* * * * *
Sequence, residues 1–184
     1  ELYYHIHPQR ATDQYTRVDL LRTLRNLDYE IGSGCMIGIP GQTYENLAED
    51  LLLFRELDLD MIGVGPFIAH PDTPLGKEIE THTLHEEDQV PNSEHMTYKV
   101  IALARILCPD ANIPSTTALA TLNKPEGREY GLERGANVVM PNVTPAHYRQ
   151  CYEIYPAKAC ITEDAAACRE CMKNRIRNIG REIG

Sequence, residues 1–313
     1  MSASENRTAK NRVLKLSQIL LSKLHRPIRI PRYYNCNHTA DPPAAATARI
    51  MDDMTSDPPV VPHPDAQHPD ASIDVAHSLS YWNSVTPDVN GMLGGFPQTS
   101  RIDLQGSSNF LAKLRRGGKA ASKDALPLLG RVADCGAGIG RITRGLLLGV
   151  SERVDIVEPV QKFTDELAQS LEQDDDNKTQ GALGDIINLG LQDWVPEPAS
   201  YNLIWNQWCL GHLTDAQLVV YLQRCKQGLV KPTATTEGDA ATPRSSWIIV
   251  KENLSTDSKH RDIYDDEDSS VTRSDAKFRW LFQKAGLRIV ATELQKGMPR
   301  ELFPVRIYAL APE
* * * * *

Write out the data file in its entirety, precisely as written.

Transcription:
Sequence, residues 1–184
     1  ELYYHIHPQR ATDQYTRVDL LRTLRNLDYE IGSGCMIGIP GQTYENLAED
    51  LLLFRELDLD MIGVGPFIAH PDTPLGKEIE THTLHEEDQV PNSEHMTYKV
   101  IALARILCPD ANIPSTTALA TLNKPEGREY GLERGANVVM PNVTPAHYRQ
   151  CYEIYPAKAC ITEDAAACRE CMKNRIRNIG REIG

Sequence, residues 1–313
     1  MSASENRTAK NRVLKLSQIL LSKLHRPIRI PRYYNCNHTA DPPAAATARI
    51  MDDMTSDPPV VPHPDAQHPD ASIDVAHSLS YWNSVTPDVN GMLGGFPQTS
   101  RIDLQGSSNF LAKLRRGGKA ASKDALPLLG RVADCGAGIG RITRGLLLGV
   151  SERVDIVEPV QKFTDELAQS LEQDDDNKTQ GALGDIINLG LQDWVPEPAS
   201  YNLIWNQWCL GHLTDAQLVV YLQRCKQGLV KPTATTEGDA ATPRSSWIIV
   251  KENLSTDSKH RDIYDDEDSS VTRSDAKFRW LFQKAGLRIV ATELQKGMPR
   301  ELFPVRIYAL APE